AAUW advances equity for women and girls through advocacy, education, philanthropy and research. Founded in 1881, AAUW is open to graduates with an associate or higher degree from an accredited college or university, as well as students currently enrolled in college. Dues support the operations of the Dearborn-Michigan branch, founded in 1933, as well as the state and national organizations.
Thank you for contacting me regarding equal pay for women. I share your views on this issue.
I am pleased to inform you that I am a cosponsor of the Paycheck Fairness Act, which would increase penalties on employers who pay different wages to men and women for equal work. This legislation would also protect workers from retaliation when filing claims of discrimination against their employers.
I was also pleased that President Barack Obama signed the Lilly Ledbetter Fair Pay Act into law. This was the first piece of legislation he signed as President. Since the Supreme Court ruled to limit the ability of many workers to file a claim when faced with pay discrimination, I have fought to pass legislation correcting this decision. Employees may now file a claim for wage discrimination up to 180 days after each paycheck that reflects pay inequality.
I strongly believe that men and women should receive equal pay for equal work, and I will continue to fight for legislation that strives to meet this goal.
Thank you again for taking the time to contact my office. Please feel free to contact me again whenever I can be of assistance to you and your family.
United States Senator
Branch, Student Affiliate, member Laura Marko has been selected as one of the 2014, Difference Makers at the University of Michigan-Dearborn. The award confirms what a lot of us already know about Laura. She has achieved excellence in academics, integrity, leadership and creativity.
Laura’s SCHOOL: College of Arts, Sciences, and Letters
Laura’s MAJOR: Communications, Women’s and Gender Studies
Laura’s: CAMPUS CONNECTIONS
Association of Non-Traditional Students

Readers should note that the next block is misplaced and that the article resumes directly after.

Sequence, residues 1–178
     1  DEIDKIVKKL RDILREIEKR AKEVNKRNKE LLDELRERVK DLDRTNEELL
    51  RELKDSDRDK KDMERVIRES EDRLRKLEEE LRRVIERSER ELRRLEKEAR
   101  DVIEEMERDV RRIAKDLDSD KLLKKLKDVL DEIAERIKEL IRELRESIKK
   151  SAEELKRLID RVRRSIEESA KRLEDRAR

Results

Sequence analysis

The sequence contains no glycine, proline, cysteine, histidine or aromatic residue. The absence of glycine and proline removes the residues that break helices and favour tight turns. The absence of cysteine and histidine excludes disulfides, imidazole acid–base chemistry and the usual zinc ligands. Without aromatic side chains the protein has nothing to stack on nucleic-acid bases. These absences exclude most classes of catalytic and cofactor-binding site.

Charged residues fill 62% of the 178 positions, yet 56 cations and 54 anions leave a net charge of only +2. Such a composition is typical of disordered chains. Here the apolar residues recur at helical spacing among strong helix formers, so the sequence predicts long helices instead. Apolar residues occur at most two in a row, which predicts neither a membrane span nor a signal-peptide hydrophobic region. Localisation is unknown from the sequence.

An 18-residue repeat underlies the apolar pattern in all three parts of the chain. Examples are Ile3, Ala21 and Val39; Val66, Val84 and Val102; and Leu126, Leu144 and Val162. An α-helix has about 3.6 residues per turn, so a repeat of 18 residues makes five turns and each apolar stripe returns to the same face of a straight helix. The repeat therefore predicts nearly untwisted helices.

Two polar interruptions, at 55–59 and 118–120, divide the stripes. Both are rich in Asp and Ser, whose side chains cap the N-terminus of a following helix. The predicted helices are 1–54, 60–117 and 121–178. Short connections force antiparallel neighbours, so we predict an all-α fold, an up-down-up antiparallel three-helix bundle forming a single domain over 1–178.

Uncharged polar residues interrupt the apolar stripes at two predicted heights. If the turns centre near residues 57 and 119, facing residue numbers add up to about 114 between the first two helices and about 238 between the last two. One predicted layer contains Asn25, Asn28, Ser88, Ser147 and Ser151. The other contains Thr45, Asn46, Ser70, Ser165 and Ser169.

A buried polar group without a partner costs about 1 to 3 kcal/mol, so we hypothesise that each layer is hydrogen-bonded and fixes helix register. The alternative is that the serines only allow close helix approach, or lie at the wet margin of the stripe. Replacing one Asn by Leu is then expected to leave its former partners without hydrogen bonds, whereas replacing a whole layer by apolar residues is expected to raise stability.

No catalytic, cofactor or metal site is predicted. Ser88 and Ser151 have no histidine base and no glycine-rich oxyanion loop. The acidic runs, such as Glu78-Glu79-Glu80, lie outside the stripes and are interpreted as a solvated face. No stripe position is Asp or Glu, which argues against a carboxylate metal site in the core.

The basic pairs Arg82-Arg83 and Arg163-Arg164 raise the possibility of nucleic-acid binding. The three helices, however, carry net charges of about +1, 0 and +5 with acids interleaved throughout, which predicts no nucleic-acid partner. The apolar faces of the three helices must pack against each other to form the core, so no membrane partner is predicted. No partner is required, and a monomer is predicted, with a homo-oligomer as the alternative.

Association of Women Veterans
Voice for Choice
Visit http://www.michigandifferencemakers.com/Laura_Marko to watch a video interview with her! The story that accompanies the interview on the same web page follows:
Laura Marko is always up for a challenge.
“I rarely take the easy way in life, and I’ve never been bored with my life,” Laura said. “My Navy recruiter gave me the best advice before I boarded the plane for boot camp, and that was to always volunteer for the toughest jobs and to never hesitate when taking them on. That’s how leaders are made, and that’s how you make a difference.”
During her time in the military, Laura worked as both a photographer and communications specialist in the United States Navy. She also served as a direct supervisor for both junior sailors and Marines.
“After five years in the military that included one deployment, four promotions and years spent out at sea, I decided it was time to leave the Navy and begin a new challenge, college.” Laura said.
At University of Michigan-Dearborn, Laura has been involved with the Association of Women Veterans, Association of Non-Traditional Students, American Association of University Women and Voice for Choice.
“When I transitioned to a civilian, my leadership skills came with me,” she said. “I’m always willing and anxious to take on leadership roles, volunteer in my community and help make my campus community a better place. I don’t wait to be told to do a task. If I see something that needs to be done, I take the initiative to do it myself. That’s the kind of leader I am.”
Those leadership skills were on full display as Laura worked to build a network for veteran students on campus. She partnered with organizations and individuals both on and off campus to help provide resources for veterans, advocate on their behalf and ease the transition to civilian and student life.